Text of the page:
“Clinical and basic science departments have several competing priorities,’’ Tiberius said. “They strive for excellence in teaching at the same time that they must deliver exemplary patient care and state-of-the-art research. While our faculty has had extensive training in research and medical practice, they seldom receive training in either the practice or scholarship of education. Moreover, departments lack the resources for training their faculty in these areas. This is where the academy can be very useful.’’
Now that UM’s academy is a reality, O’Connell will, for the first time, represent a functioning academy when he attends the Association of American Medical Colleges’ annual academy collaborative this week. At the meetings, begun in 2008, medical schools with academies and others who are planning them discuss their need, function, organization and funding mechanisms, which range from endowments as high as $6 million to a few thousand dollars each year from the dean’s or other school budgets. Initial funding at the Miller School will come from philanthropy.
“We have designed our academy using the lessons learned at other top medical schools,’’ said O’Connell, who strongly encourages every faculty member who teaches at the Miller School to spend just 10 minutes to apply to become an associate. “Those faculty with a particular interest and effort in education will be invited to apply for the more advanced levels of fellow or master, depending on their accomplishments. But the resources of the academy will be available to all members, especially the more junior faculty. The academy will make our great education programs even greater!”
As it functions now, O’Connell noted, the academic system often fails to give teachers their due. For instance, he said, research on medical education is published in lesser known journals than scientific research, and time and funding for such research are severely limited. Faculty members who devote most of their time to teaching have less opportunity for scholarly productivity, in the traditional sense, and rarely receive adequate recognition when they publish it.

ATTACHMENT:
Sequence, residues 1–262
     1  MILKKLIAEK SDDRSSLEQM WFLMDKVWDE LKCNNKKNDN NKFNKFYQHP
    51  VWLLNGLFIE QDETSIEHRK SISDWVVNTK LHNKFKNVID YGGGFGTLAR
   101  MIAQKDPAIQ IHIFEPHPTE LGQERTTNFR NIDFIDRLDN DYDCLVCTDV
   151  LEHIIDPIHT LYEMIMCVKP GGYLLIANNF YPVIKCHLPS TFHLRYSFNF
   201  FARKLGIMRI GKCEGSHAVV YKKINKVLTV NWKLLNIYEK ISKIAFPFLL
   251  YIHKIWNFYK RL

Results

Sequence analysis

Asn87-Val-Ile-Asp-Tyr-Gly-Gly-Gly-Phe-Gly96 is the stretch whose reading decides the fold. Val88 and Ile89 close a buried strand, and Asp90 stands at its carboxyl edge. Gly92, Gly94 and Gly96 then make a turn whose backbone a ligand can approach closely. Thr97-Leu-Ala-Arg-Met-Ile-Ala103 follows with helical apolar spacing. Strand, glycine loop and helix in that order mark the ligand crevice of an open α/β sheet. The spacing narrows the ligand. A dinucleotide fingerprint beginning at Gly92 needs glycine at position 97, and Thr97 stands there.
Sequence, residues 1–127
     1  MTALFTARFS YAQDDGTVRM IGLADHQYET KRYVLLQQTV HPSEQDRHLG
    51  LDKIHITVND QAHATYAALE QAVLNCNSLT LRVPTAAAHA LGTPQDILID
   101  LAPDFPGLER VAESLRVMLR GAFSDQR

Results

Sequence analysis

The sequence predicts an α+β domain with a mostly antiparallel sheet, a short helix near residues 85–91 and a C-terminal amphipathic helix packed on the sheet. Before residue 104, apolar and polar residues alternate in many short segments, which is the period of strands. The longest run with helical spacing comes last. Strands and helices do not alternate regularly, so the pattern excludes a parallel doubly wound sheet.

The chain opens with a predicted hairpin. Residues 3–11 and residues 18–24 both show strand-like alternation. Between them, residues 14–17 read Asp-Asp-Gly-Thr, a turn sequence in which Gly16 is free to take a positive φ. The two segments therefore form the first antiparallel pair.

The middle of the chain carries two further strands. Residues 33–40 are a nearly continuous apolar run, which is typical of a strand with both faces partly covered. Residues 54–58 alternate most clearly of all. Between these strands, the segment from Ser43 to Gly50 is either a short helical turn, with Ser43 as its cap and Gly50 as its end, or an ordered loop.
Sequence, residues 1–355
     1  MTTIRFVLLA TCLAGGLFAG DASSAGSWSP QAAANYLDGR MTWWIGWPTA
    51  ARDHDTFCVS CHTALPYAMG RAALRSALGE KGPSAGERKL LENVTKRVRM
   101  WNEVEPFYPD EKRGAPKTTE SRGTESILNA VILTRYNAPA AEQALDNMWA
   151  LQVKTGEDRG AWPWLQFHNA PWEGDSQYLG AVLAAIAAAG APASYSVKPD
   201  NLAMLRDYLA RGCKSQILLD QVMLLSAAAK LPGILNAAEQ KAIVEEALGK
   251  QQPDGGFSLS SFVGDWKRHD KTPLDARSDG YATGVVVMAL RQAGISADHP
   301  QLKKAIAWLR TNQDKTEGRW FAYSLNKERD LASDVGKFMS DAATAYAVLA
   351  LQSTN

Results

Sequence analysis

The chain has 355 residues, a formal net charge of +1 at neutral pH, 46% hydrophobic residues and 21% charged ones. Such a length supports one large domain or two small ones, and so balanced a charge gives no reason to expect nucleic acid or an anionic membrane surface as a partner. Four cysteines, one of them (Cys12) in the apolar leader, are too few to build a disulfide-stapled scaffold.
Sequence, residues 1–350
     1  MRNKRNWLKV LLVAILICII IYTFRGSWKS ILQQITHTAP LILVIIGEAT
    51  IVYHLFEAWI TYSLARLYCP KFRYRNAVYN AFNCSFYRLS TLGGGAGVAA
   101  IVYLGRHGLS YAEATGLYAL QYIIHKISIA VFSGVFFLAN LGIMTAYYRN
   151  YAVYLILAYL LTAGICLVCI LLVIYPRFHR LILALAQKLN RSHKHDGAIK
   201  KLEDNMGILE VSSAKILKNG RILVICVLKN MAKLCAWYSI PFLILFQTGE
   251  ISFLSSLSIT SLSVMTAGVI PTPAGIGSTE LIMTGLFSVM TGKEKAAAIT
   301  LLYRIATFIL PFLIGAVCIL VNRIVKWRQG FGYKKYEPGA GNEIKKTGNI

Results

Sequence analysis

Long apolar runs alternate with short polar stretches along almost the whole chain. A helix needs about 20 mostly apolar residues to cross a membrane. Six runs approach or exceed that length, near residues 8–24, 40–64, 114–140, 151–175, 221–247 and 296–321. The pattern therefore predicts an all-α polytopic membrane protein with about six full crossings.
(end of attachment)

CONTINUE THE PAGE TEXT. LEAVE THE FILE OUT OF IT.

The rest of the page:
The academy will attempt to level the field by providing stipends for members to pursue educational research or projects and to attend education-themed meetings. It will also use an institutional system to monitor teaching efforts to adequately recognize and reward faculty for their educational efforts.
To apply for the stipends, educators will be required to show a portfolio of their work. One of the goals of the academy, O’Connell said, is to help educators develop portfolios of their achievements and outcomes, akin to the detailed ones researchers use to showcase their scientific endeavors.
The academy will also provide opportunities for senior faculty to mentor junior faculty, undertake peer evaluations and conduct faculty development workshops on, for example, the best practices for small group teaching and bedside teaching.
“The academy is here to help faculty members organize and formalize their educational efforts and give a stamp of approval that can be used in the recognition and promotions process,” said O’Connell. “We are looking to bring added value to the great work our teachers are doing.”